A Service for Trinity 15

A Service for the Fifteenth Sunday after Trinity, 12th September, 2021



Before beginning to read this short service, you may wish to find a space for prayer in front of a cross, a candle, or a special place.  


May the light of Christ, rising in glory, banish all darkness from our hearts and minds.


The Acclamation of Christ at the Dawning of the Day 


O Lord, open our lips

and our mouth shall proclaim your praise.


May Christ, the true, the only light

banish all darkness from our hearts and minds.


O come, let us sing to the Lord; 

let us heartily rejoice in the rock of our salvation. 

Let us come into his presence with thanksgiving 

and be glad in him with psalms.

For the Lord is a great God 

and a great king above all gods. 

Come, let us worship and bow down 

and kneel before the Lord our Maker.

For he is our God; 

we are the people of his pasture and the sheep of his hand. 


Glory to the Father and to the Son

and to the Holy Spirit;

as it was in the beginning is now

and shall be for ever. Amen.


Blessed are you, creator of all,

to you be praise and glory for ever.

As your dawn renews the face of the earth

bringing light and life to all creation,

may we rejoice in this day you have made;

as we wake refreshed from the depths of sleep,

open our eyes to behold your presence

and strengthen our hands to do your will,

that the world may rejoice and give you praise.

Blessed be God, Father, Son and Holy Spirit.

Blessed be God for ever.



The Collect


Silence is kept.


God, who in generous mercy sent the Holy Spirit

upon your Church in the burning fire of your love:

grant that your people may be fervent

in the fellowship of the gospel

that, always abiding in you,

they may be found steadfast in faith and active in service;

through Jesus Christ your Son our Lord,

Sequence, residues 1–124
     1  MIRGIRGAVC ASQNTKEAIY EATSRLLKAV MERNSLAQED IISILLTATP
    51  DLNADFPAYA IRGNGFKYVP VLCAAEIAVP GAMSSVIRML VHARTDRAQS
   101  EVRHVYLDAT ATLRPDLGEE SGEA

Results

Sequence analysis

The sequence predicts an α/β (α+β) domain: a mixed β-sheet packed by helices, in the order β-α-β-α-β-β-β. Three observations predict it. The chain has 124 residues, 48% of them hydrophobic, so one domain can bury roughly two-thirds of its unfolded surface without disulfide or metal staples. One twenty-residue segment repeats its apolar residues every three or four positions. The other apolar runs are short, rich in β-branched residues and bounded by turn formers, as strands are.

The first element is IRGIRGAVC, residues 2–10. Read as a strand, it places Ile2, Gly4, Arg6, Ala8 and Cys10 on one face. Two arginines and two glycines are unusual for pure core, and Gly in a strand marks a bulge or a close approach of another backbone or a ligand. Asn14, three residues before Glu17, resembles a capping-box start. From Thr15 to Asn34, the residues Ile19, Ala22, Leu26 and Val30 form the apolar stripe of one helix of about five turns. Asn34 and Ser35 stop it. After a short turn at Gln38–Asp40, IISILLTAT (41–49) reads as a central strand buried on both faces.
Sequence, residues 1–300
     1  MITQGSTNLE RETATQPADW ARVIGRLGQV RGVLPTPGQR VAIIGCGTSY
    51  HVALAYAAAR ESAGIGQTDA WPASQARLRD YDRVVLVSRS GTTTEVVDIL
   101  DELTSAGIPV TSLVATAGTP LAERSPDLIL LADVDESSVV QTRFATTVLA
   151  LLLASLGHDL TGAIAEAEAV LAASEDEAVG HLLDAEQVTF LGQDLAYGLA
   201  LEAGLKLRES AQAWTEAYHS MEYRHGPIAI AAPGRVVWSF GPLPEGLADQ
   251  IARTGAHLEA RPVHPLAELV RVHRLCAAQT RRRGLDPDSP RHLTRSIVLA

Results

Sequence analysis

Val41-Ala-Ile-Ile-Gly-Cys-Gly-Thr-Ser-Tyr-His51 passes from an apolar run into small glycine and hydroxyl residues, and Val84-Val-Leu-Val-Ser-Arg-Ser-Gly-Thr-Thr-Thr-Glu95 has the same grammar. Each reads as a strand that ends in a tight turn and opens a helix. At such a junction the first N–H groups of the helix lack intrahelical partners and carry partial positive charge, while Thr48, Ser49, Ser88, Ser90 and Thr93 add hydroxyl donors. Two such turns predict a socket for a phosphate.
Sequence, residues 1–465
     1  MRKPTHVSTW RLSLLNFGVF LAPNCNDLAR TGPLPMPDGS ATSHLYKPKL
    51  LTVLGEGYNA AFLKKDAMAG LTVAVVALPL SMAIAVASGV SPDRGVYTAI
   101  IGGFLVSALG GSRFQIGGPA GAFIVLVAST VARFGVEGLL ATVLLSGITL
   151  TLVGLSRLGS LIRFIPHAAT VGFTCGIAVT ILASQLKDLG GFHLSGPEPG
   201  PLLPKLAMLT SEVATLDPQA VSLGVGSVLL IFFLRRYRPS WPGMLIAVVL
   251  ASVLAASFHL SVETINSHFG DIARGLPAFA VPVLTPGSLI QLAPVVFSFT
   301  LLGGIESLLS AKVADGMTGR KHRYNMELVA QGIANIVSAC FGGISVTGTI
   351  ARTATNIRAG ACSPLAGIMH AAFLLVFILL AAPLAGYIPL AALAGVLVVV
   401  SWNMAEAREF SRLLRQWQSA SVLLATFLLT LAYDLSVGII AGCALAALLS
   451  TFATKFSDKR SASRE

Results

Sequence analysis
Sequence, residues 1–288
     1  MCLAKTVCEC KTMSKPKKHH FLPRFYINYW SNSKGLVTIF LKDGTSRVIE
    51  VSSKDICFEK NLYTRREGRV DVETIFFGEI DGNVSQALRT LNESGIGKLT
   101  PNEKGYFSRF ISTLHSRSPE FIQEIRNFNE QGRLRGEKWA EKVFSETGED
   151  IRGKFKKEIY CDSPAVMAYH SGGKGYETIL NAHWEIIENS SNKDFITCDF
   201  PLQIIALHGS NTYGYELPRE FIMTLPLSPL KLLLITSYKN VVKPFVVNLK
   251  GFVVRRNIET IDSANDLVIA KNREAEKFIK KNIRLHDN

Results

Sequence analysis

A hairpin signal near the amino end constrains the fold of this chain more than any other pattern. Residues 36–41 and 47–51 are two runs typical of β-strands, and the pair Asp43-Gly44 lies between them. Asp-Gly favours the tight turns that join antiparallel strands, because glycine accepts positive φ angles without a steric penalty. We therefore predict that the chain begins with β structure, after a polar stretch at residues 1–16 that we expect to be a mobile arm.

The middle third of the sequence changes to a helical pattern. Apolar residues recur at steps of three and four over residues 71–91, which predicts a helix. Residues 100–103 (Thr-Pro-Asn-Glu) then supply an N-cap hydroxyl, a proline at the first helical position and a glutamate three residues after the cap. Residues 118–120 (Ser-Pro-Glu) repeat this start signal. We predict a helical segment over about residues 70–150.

who is alive and reigns with you,

in the unity of the Holy Spirit,

one God, now and for ever.





The First Hymn

Teach Me, My God and King:   please access Simon’s accompaniment here: 




Teach me, my God and King, 

in all things thee to see, 

and what I do in anything 

to do it as for thee.


A man that looks on glass, 

on it may stay his eye; 

or if he pleaseth, through it pass, 

and then the heaven espy.


All may of thee partake; 

nothing can be so mean, 

which with this tincture, "for thy sake," 

will not grow bright and clean.


A servant with this clause 

makes drudgery divine: 

who sweeps a room, as for thy laws, 

makes that and the action fine.


This is the famous stone 

that turneth all to gold; 

for that which God doth touch and own 

cannot for less be told.



The First Reading:

Isaiah 50: 4-9a


The Lord God has given me

   the tongue of a teacher,

that I may know how to sustain

   the weary with a word.

Morning by morning he wakens—

   wakens my ear

   to listen as those who are taught. 

The Lord God has opened my ear,

   and I was not rebellious,

   I did not turn backwards. 

I gave my back to those who struck me,

   and my cheeks to those who pulled out the beard;

I did not hide my face

   from insult and spitting. 


The Lord God helps me;

   therefore I have not been disgraced;

therefore I have set my face like flint,

   and I know that I shall not be put to shame; 

   he who vindicates me is near.

Who will contend with me?

   Let us stand up together.

Who are my adversaries?

   Let them confront me. 

It is the Lord God who helps me;

   who will declare me guilty?

All of them will wear out like a garment;

   the moth will eat them up. 



Psalm 116: 1-8


Refrain:    Gracious is the Lord and righteous.


1    I love the Lord,

for he has heard the voice of my supplication;  

because he inclined his ear to me

on the day I called to him.

2    The snares of death encompassed me;

the pains of hell took hold of me;  

by grief and sorrow was I held.

3    Then I called upon the name of the Lord:  

‘O Lord, I beg you, deliver my soul.’

4    Gracious is the Lord and righteous;  

our God is full of compassion. [R]

5    The Lord watches over the simple;  

I was brought very low and he saved me.

6    Turn again to your rest, O my soul,  

for the Lord has been gracious to you.

7    For you have delivered my soul from death,  

my eyes from tears and my feet from falling.

8    I will walk before the Lord  

in the land of the living. [R]


Refrain:    Gracious is the Lord and righteous.